Three Poems for Presidents


January 27, 1993|By TED HENDRICKS

Maya Angelou has been widely reported to have been only the second poet to read at the inauguration of an American president. This is true, but only in a narrow sense.

The first inaugural poet was, of course, Robert Frost. In January 1961, the 86-year-old Frost stood hatless in the bitter cold to read ''The Gift Outright'' at John F. Kennedy's inaugural.

Frost delivered ''The Gift Outright'' 20 years earlier at the College of William and Mary. It was included in his 1942 collection, ''A Witness Tree,'' and became one of his best-known poems. For Kennedy's inaugural, Frost had written another poem. ''For John F. Kennedy His Inauguration,'' was intended to praise Kennedy for ''summoning'' artists to take part in the ''august occasions of the state'' and prophesy that the new administration would be ''a next Augustan Age'' of ''poetry and power.''

But the wind was blowing and the sun was in his eyes, so Frost gave up the prefatory piece after reading a few lines and went on to ''The Gift Outright.'' Perhaps that was just as well. In comparing Kennedy to Augustus Caesar, Frost was not being entirely complimentary.

In ''The Gift Outright,'' Frost describes the history of the United States as a process of national self-realization. Our national identity, in his view, was shaped by the North American soil and climate, not by the scraps of culture we brought from Europe. We became truly American only when we stopped being English colonials and ''gave ourselves outright'' to the land we had already settled. Our declaration of independence, according to Frost, was a national ''salvation in surrender'' to a land that was, like us, ''still unstoried, artless, unenhanced,'' but ''realizing westward'' and potentially great.

''On the Pulse of Morning,'' the poem that Maya Angelou read at Bill Clinton's inaugural, was the first poem written for and delivered at a presidential inaugural ceremony. Like Frost, Ms. Angelou used the occasion to comment on our country's history. Her poem, however, speaks from an entirely different point of view. ''On the Pulse of Morning'' seems to have been meant as a reply to Frost.

Ms. Angelou reminds us that for dispossessed Native Americans, enslaved Africans and exploited European immigrants, American history was not self-realization but a record of ''wrenching pain.''

Throughout our history, the land has been despoiled and the people brutalized by ''the armed struggle for profit.'' But today, she suggests, history is beginning anew. The land calls to us with the voices of the Rock, the Tree and the River to rise from ''bruising darkness'' and come ''clad in peace.'' We, as a people, have been redeemed. Cain's ''bloody sear'' has been washed from our brow and we can again look each other in the face and say ''Very simply/With hope/ Good morning.''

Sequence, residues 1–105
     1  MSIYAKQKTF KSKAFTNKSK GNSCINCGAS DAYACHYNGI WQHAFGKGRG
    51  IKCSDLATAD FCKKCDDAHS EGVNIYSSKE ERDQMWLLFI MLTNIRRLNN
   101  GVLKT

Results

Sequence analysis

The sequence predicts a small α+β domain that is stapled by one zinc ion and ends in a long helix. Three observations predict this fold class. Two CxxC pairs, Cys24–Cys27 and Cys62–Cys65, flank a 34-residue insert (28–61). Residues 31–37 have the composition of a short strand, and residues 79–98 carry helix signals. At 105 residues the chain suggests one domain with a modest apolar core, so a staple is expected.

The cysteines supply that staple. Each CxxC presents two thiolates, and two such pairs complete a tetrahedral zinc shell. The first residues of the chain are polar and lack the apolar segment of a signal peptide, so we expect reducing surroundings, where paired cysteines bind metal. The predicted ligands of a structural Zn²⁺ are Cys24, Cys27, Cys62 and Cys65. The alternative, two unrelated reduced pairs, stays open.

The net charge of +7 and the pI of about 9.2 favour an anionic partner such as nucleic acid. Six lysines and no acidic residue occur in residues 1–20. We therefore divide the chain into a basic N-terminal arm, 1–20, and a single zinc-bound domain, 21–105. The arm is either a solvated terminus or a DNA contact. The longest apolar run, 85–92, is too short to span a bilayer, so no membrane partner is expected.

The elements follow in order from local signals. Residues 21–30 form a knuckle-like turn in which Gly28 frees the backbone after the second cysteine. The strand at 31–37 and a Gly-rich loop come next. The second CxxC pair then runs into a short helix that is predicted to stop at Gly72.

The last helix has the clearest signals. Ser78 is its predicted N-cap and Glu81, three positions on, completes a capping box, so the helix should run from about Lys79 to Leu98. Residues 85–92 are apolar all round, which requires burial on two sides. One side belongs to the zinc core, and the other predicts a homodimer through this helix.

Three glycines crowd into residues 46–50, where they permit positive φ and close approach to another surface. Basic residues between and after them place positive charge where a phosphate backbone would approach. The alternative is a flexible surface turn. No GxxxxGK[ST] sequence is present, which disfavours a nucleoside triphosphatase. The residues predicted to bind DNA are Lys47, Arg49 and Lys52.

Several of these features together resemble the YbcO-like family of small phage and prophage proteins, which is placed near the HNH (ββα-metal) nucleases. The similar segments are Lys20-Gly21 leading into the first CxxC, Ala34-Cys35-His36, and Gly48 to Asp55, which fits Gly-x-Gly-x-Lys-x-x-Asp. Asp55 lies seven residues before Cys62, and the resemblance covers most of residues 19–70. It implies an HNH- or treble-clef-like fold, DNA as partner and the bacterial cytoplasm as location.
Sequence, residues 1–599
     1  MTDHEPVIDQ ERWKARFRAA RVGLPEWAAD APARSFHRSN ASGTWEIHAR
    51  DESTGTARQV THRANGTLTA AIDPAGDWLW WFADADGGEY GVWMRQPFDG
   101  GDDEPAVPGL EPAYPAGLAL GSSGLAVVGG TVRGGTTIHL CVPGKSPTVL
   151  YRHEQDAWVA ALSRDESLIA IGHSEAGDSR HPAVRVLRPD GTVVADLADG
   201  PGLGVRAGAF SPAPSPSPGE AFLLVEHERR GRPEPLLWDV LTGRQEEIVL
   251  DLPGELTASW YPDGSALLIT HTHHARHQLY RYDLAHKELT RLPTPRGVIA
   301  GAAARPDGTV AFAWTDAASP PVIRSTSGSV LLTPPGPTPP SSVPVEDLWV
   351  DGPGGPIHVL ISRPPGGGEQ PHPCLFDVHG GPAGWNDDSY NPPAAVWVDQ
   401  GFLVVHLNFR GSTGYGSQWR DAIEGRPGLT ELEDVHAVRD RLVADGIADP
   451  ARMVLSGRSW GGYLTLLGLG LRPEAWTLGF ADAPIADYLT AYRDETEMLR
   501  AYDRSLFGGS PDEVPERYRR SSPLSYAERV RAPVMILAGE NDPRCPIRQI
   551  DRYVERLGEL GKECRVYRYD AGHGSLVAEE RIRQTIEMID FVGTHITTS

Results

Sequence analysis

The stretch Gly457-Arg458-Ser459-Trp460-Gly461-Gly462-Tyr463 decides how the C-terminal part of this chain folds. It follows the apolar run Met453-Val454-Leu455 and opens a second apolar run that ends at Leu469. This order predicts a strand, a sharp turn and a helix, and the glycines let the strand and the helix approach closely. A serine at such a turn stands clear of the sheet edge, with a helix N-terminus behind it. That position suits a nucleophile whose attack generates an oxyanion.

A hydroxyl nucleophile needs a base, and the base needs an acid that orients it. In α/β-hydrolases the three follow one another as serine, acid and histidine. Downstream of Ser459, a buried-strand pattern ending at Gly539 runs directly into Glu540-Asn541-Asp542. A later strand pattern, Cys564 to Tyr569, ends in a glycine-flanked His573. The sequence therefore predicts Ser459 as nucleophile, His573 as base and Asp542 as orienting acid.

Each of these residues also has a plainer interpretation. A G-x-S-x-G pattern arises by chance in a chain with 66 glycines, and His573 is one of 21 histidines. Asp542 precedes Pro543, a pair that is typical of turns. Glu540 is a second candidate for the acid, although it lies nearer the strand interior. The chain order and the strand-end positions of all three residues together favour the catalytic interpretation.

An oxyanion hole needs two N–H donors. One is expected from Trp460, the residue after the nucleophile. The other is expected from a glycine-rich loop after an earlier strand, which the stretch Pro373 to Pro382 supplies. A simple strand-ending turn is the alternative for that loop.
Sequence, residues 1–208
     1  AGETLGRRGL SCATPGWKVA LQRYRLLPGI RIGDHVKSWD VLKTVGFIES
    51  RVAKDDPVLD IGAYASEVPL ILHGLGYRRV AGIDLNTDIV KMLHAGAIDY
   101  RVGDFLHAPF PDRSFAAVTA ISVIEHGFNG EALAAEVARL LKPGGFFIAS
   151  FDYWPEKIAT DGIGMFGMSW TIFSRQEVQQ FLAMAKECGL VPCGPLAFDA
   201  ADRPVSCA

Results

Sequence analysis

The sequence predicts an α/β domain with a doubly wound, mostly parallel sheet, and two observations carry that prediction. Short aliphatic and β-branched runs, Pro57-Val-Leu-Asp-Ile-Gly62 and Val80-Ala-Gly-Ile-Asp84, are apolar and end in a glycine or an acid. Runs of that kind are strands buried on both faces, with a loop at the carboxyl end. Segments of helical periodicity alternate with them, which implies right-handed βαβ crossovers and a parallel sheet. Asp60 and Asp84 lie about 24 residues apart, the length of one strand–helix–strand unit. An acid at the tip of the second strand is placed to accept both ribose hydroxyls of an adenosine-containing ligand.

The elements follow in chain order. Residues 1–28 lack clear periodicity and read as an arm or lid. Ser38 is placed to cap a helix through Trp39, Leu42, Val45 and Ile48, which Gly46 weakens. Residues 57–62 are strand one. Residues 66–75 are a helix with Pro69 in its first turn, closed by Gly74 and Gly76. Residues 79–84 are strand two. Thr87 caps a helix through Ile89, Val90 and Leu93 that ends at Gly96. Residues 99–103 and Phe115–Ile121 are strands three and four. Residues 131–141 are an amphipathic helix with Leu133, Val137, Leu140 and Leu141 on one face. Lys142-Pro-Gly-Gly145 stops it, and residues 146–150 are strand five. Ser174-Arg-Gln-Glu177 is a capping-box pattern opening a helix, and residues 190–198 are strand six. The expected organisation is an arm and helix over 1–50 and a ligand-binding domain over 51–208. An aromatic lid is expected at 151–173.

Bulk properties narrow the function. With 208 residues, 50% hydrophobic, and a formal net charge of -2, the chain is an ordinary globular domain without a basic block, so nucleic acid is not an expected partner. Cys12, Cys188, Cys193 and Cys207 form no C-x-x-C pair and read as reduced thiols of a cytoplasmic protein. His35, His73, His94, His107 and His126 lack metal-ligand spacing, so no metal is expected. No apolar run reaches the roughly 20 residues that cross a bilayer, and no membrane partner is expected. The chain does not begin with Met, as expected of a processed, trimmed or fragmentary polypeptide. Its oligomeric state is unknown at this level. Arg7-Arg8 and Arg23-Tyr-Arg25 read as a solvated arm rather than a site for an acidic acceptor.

There is one other poet who can claim to have written an inaugural poem. James Dickey wrote ''The Strength of Fields'' for the inauguration of his fellow Georgian, Jimmy Carter, in 1977. He did not, however, read the poem at the inaugural ceremony, but at one of the parties afterward.

Dickey approached his topic in a quite different way from the other two poets. Instead of speaking for the nation, Dickey describes the thoughts of the president-elect himself. ''The Strength of Fields'' portrays Mr. Carter walking alone at night, near his home in Plains, just before his inauguration.

He is not thinking about what kind of era his presidency will inaugurate but about his own worthiness for the job. Men are ''around him like the strength/Of fields'' but he is alone, except for God. ''Dear Lord of all the fields,'' he prays, ''What am I going to do?'' What source of power, what ''secret blooming'' will give him the strength to face ''the profound, unstoppable craving of nations for their wish?''

Mr. Carter, according to Dickey, concludes that the answer is in the simplest things, the fields themselves, the ''kindness . . . Of the renewing green.'' ''More kindness will . . . save every sleeping one/ And night-walking one/ Of us.'' And now that his life ''belongs to the world,'' the new president resolves that he will do what he can.

President Carter's inaugural occurred midway between those of Presidents Kennedy and Clinton. During the 32 years since Kennedy's inauguration, our consciousness of our national aims and identity has changed.

In 1961, Frost could speak with pride of our history as the fulfillment of our destiny. Today, Ms. Angelou looks back on our past with sorrow and urges us to have the courage not to live it again. Dickey's somber poem marks the midpoint in that change of consciousness. His anxious Carter reflects the crisis in our confidence in our destiny. Hopefully, the next four years will show that Dickey's night-walk Carter was heading for Maya Angelou's new day.

Ted Hendricks is a doctoral candidate in English at the Catholic University of America.

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